Benjamin Wey at the Manhattan Federal Courthouse following his hearing in New York on Sept. 10. (Stephanie Keith/Reuters)

Wall Street financier Benjamin Wey, most recently in the news after losing an $18 million sexual harassment suit, has been charged by a federal grand jury with conspiracy, securities fraud and money laundering in connection with what prosecutors described as a reverse merger scheme “between Chinese companies and U.S. shell companies” in which he “illegally” concealed his ownership and manipulated share prices.

Reverse mergers involve private firms that purchase shell companies that are already publicly traded, allowing the private company to effectively go public while avoiding the disclosures and scrutiny required by an initial public offering.

Preet Bharara, the U.S. attorney for the Southern District of New York, said in a press release that Wey made “tens of millions in illicit profit” through his alleged schemes. He “fashioned himself a master of industry, but as alleged, he was a master of manipulation,” Bharara said. Wey was arrested at his Manhattan home and released on a $10 million bond, according to the Wall Street Journal.

Neither Wey nor his lawyer responded to phone calls and e-mail requests for comment from The Washington Post. But the lawyer, David Siegal, told Reuters that “Mr. Wey denies the charges against him and looks forward to clearing his name.”

[A Wall Street businessman, a Swedish model and a lurid $18 million sexual harassment battle]

This is not the first time Wey has been in the news this year. In June, a jury in a Manhattan federal court awarded a 25-year-old former model who briefly worked for Wey $18 million after finding Wey sexually harassed and defamed her. Wey’s attorneys in the case, who denied the charges brought by Hanna Bouveng, are seeking a new trial in that case or a reduction in what they called the “jury’s strikingly excessive” award of damages.


Hanna Bouveng, bottom left, at court after the first day of jury deliberations in her civil case against her former boss, Benjamin Wey, in New York in June. (Larry Neumeister/AP)

The indictment, unsealed Thursday, accused Wey, among other things, of identifying “various Chinese operating companies desirous of raising capital in the U.S. markets” and then, through his own company, New York Global Group, arranging their merger with “shell companies” in which Wey, through various nominees, secretly “held significant ownership stakes”

Since the stock of these companies traded only in over-the-counter markets in low volumes, the indictment said, the shares lacked liquidity and could not be sold in significant quantities. “To address this problem,” Wey would arrange to have the companies apply for listing on Nasdaq, “which would have the effect of increasing market interest and liquidity.”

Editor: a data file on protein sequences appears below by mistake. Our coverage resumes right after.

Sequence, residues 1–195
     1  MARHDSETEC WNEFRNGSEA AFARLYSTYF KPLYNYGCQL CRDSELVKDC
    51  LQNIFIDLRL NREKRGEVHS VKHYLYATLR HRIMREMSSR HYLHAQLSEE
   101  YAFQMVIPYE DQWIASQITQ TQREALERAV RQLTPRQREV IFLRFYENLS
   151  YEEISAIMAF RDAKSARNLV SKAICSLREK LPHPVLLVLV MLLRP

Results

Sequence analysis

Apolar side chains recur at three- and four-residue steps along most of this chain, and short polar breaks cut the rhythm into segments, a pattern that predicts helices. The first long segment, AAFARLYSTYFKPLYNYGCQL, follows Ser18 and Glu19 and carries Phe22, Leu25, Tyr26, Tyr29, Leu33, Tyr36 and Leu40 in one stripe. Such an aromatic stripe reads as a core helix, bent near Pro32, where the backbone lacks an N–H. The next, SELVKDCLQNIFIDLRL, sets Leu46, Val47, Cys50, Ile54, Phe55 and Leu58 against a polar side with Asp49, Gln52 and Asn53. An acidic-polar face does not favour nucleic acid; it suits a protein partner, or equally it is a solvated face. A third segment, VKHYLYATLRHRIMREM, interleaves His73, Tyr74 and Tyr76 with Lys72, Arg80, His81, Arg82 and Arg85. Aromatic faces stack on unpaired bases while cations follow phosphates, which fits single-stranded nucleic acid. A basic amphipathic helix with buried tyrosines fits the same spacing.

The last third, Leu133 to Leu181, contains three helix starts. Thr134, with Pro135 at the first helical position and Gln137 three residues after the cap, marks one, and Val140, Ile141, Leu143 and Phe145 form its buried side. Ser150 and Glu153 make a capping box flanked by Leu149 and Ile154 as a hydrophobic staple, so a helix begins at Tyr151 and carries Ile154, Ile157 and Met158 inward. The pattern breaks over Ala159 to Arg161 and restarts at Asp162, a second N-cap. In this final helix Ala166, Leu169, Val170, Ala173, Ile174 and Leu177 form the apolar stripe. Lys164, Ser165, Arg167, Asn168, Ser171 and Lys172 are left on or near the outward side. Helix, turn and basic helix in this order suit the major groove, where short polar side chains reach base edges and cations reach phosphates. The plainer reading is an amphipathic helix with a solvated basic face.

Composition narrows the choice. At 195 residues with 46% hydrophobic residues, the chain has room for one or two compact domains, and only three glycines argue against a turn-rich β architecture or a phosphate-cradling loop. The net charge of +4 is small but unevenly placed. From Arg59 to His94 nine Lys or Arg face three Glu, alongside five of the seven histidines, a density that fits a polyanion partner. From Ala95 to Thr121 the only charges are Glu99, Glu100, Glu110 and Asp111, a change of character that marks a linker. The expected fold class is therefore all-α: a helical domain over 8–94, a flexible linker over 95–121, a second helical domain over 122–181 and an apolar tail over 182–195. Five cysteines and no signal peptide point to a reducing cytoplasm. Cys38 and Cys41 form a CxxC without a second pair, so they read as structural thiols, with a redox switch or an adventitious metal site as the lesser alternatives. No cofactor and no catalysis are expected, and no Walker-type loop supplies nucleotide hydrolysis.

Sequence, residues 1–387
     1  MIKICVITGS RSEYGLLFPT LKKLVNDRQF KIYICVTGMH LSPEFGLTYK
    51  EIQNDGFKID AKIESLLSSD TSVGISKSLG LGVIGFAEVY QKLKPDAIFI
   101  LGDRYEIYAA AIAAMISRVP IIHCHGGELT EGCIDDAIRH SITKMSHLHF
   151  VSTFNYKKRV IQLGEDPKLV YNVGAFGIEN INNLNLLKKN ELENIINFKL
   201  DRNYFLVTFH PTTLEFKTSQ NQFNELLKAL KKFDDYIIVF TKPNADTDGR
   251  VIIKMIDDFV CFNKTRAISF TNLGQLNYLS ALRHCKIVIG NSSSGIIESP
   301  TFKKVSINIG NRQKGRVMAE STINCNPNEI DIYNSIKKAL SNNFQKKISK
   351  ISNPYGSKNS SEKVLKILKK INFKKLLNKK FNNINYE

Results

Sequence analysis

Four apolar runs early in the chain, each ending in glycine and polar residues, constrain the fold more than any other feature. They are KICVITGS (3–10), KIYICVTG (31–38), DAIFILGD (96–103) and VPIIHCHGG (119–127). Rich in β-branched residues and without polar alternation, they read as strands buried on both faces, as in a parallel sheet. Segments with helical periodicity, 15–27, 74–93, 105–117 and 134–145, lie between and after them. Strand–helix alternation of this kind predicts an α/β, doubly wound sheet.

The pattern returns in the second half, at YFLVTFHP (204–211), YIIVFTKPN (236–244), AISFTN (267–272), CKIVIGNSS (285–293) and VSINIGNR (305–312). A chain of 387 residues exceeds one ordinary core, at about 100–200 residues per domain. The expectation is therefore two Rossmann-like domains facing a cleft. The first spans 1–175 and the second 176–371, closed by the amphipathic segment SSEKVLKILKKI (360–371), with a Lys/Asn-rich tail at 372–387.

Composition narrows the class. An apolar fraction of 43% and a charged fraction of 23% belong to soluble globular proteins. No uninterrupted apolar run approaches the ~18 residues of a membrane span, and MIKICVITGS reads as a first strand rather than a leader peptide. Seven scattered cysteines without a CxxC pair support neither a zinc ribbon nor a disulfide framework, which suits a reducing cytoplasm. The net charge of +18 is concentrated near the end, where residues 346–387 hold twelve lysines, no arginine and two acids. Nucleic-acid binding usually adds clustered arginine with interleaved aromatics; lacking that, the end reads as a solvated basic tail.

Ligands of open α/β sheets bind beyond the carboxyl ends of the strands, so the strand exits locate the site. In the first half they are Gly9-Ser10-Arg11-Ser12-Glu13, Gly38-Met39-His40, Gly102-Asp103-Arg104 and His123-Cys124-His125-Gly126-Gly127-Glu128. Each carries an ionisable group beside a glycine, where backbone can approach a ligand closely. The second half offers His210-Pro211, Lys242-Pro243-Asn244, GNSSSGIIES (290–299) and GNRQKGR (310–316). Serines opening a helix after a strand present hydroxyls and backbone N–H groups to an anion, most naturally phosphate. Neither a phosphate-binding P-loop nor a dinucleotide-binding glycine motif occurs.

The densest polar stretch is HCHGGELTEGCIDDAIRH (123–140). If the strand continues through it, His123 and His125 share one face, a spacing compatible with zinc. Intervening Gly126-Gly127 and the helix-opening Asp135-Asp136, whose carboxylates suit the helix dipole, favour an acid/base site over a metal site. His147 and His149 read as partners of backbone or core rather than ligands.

To satisfy Nasdaq’s listing requirements — which include a minimum of 300 shareholders with at least 100 shares of common stock each — the indictment alleged that Wey “deceptively caused shares” to be transferred to “dozens” of his friends, employees and business associates and their family members as “gifts or unsolicited bonuses.”

In some cases, these people “never actually received the share certificates and had no idea they owned such shares,” according to the indictment.

In this way, the indictment stated, “Wey was able to create the appearance of a bona fide shareholder base.” The indictment said that in each case, “the ruse” was successful and Nasdaq approved the listings.

The indictment charged that Wey and a co-conspirator, Seref Dogan Erbek — a Swedish banker who was also charged — then engaged in various forms of “manipulation” to “artificially maintain the stock price” of the companies. Erbek could not be located for comment by The Post or other news organizations.

The money reaped from these transactions, including $20 million in cash in one case cited in the indictment, was moved through “overseas accounts” held in the name of a Wey sibling and then back to accounts in the United States “that Wey and/or Wey’s wife controlled.” The indictment alleged “Wey and his wife used that money to purchase, among other things, an apartment at the Ritz-Carlton Hotel in the Battery Park neighborhood of New York.”

Wey and the co-conspirator “are believed to have profited in the tens of millions, while victim shareholders were left holding the bill,” said FBI Assistant Director-in-Charge Diego Rodriguez in a press release.

The eight-count indictment included conspiracy, securities fraud, wire fraud and money laundering, among other charges. If convicted, Wey could face scores of years in prison.

In a separate action, the Securities and Exchange Commission announced civil charges against Wey. The SEC alleged, in a press release, “that Benjamin Wey and New York Global Group (NYGG) typically structured reverse mergers between clients and publicly-traded shell companies in such a way that he and other family members secretly obtained ownership interests of more than five percent of the newly listed companies.”

The release continued: “To avoid detection and evade SEC reporting requirements as beneficial owners, they divided their shares among a vast network of foreign accounts and generated tens of millions of dollars in illegal profits as they sold the securities into artificially inflated markets. The illicit profits eventually circled back to Wey and his wife, who used the money to finance a lavish lifestyle.”